Dara conducted the proceedings with great skill and good humour, ribbing one of the authors about a joke that they had pinched from him, and commenting that another (author of a book on memory) had clearly forgotten they had agreed that he, Dara, would be wearing that shirt – as we realised that they were indeed wearing shirts with identical floral designs.
I have not read any of the books so my comments below are based purely on what I learned about them at the awards event, plus my personal prejudices. In best reality TV show style, I judged the authors by their performance on the night, rather than their entire writing performance.
Tim Birkhead gave a good start to the evening as he talked dirty about birds and senses. I remember reading his pieces in the Times Higher where he always seemed a thoughtful and likeable character. Tonight he read a purple passage from his book, Bird Sense. The extract dealt with the question of whether birds feel emotion and sexual pleasure. Noting that in one species of bird copulation takes less than a second, while males of another species have a false penis, he then described a bird that seemed to undergo a very sensual and erotic experience in his lab. In the subsequent discussion his depth of knowledge about birds and his love of the subject shone through. I decided I must read this book, and thought it was a potential winner.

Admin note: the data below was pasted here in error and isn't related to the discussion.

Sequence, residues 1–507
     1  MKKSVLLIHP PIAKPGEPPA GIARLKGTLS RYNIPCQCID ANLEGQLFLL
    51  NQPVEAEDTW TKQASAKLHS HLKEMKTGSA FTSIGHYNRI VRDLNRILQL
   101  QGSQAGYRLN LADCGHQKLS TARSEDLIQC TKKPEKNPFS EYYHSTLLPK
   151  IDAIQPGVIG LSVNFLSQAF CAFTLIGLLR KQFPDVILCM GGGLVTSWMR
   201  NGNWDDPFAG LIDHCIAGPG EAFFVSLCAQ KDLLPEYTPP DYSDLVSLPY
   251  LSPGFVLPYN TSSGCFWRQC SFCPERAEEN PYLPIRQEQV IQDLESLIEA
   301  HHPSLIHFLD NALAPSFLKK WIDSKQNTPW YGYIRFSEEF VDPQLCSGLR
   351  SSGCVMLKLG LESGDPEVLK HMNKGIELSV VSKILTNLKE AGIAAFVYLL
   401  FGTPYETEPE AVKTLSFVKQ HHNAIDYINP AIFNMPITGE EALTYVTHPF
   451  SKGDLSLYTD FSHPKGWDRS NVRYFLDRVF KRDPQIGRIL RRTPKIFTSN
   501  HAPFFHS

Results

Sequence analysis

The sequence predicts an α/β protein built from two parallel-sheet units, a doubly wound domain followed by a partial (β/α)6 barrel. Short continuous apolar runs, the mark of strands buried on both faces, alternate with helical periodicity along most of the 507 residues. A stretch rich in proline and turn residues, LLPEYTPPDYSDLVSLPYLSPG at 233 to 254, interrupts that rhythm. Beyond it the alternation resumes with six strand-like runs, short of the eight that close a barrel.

Sean Carroll had the harder task of selling us quantum physics. His book The Particle at the End of the Universe about the Higgs boson had no cute birds nor sexy talk. Tonight he focused on the entity’s name, or rather its nickname – the ‘God particle’. The nickname has always seemed a bit daft to me and is apparently hated by physicists, but loved by journalists. Now, I must admit that my interest in physics is only slight (blame my old O-level physics teacher for putting me off it) and I didn’t particularly feel that I wanted to read this book. My bad.